One of the final issues raised by the noble Lord, Lord Rennard, on which I can comment relates to the costs of spend-on arrangements with the EU. The longer-term costs of reciprocal healthcare arrangements are subject to negotiations between the UK and the EU, as the noble Lord will be aware. Expenditure under the current EU reciprocal healthcare arrangements was approximately £630 million in 2016-17, and we expect future expenditure on EU reciprocal healthcare arrangements to reflect current costs. Our intention is that Parliament will have clear and easy-to-access details of public spending on healthcare arrangements implemented under the Healthcare (International Arrangements) Bill. We have made a government amendment reflecting the suggestion by the noble Baroness, Lady Thornton, and others to provide Parliament with a regular report on payments made using the powers under the Bill. We anticipate that this report will be a baseline. We intend to go further than reporting on payments, but we cannot provide a statutory obligation to do so at the moment.

I think those are the key questions that I can answer.

I hope the Minister does not mind, but while she was speaking I went to GOV.UK to have a look. She is quite right that there is a lot of information there, but if I want to know about healthcare in France or wherever, I will go to the NHS website. That is the first place I would think of going. If I want to know about my passport or that sort of thing, I would go to GOV.UK or the Home Office. There is a really serious communication issue here that the Government must take seriously very quickly.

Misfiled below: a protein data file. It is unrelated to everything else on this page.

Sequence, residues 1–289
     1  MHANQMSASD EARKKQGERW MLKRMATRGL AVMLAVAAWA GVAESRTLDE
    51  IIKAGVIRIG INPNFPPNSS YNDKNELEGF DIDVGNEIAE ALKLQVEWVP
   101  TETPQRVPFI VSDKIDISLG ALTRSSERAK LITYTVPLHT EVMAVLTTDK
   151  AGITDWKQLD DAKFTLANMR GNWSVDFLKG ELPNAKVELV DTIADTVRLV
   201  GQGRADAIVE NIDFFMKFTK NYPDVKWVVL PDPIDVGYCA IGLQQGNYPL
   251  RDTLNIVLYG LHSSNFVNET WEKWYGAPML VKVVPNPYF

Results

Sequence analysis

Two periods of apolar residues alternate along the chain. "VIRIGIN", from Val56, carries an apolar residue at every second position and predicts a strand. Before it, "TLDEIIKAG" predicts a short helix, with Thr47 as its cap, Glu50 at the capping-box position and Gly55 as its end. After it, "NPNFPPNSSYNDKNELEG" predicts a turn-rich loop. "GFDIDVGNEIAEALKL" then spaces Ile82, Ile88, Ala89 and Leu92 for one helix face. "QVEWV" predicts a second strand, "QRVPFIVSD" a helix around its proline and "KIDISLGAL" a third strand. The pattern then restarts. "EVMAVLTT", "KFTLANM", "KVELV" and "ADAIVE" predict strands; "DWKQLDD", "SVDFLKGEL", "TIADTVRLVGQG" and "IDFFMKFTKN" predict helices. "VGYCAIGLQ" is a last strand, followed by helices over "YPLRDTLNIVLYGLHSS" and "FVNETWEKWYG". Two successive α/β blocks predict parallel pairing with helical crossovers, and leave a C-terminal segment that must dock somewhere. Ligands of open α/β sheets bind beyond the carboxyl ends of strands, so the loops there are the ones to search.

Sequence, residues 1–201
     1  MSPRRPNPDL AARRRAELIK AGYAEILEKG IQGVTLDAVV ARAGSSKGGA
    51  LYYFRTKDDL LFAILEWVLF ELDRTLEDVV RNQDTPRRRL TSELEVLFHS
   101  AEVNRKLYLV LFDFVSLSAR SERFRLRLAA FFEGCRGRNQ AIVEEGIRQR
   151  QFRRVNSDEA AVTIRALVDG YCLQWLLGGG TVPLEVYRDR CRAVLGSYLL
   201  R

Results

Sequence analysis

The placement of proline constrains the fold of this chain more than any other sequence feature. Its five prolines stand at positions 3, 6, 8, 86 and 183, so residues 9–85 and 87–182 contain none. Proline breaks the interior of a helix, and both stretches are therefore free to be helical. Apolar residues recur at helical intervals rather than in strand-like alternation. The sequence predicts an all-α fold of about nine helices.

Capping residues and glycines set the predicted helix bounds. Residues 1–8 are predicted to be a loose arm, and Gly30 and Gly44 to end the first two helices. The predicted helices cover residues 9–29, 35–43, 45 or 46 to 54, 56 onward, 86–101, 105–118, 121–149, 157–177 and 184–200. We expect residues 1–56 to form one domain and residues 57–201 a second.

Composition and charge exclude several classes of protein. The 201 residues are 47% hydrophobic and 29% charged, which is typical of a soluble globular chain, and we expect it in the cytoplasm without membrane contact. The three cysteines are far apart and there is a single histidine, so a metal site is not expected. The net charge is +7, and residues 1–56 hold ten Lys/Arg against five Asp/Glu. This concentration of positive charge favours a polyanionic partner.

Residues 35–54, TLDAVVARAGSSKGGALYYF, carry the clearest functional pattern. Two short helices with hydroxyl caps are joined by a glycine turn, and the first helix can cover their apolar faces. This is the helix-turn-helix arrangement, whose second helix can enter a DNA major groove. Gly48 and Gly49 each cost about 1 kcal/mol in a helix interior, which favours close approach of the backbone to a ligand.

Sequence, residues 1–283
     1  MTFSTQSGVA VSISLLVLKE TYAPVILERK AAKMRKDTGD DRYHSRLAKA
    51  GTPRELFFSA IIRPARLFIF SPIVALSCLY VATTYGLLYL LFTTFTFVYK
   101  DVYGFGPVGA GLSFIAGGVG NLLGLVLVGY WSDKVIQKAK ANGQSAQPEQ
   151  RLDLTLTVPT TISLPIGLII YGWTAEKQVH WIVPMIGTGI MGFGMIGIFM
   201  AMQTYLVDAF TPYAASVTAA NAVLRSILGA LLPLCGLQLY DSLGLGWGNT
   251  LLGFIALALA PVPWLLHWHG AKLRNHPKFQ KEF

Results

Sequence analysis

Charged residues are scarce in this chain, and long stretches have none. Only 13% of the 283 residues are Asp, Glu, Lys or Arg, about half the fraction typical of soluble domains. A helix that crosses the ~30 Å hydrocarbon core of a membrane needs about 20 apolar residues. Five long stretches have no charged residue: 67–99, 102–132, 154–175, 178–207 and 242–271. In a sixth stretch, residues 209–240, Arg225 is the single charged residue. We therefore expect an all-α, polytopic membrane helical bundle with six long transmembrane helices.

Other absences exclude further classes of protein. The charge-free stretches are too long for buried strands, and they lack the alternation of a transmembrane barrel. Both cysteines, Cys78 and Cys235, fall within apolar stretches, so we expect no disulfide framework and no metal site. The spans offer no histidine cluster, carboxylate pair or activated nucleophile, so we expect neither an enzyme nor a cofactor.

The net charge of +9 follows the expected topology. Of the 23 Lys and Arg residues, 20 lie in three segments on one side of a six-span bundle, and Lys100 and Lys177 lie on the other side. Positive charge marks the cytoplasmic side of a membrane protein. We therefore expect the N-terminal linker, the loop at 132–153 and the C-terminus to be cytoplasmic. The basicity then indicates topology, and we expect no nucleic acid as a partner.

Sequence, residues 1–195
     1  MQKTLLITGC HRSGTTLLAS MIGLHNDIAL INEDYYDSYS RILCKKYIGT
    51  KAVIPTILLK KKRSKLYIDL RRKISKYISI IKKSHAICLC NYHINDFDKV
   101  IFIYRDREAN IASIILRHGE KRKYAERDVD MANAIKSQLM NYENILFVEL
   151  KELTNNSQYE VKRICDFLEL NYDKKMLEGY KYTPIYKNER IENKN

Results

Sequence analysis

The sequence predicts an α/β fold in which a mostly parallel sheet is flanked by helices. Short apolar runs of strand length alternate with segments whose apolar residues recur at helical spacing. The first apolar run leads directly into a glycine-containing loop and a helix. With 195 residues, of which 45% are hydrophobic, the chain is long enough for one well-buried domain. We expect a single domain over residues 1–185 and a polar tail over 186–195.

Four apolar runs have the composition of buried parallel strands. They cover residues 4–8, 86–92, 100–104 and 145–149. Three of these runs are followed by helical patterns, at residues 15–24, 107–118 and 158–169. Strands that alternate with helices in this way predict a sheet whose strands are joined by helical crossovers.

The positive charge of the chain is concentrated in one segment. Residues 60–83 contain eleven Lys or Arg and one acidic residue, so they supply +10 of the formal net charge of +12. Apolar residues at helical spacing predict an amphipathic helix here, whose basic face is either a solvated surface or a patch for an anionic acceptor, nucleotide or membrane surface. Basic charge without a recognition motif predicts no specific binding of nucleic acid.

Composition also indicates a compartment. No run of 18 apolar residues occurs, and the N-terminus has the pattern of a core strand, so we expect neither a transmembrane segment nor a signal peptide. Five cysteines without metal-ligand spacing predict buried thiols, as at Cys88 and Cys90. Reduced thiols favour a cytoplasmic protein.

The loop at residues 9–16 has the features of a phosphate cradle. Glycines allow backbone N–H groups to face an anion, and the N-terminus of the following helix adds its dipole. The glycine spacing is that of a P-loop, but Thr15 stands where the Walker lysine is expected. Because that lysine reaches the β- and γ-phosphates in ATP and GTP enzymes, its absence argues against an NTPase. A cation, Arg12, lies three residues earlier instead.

My Lords, I take the issue very seriously because communication is key, particularly in the healthcare industry where there are very vulnerable people. It is right that we make information available in an easy, clear format. I am grateful to the noble Baroness for checking that out. She makes a valid point. I will feed her comments back to the department and, if we are able to do so, we will put the information on the generic website because I suspect that I, or anyone else, would go to the NHS pages as well. It seems the most logical thing to do. She has seen the webpage, I have not, but I will take her comments back. I hope the noble Baroness is reassured—she is nodding.

These two instruments and the Healthcare (International Arrangements) Bill will give us the best possible chance of ensuring that there is no loss of reciprocal healthcare arrangements for UK citizens in the EU, the EEA and Switzerland.

Motion agreed.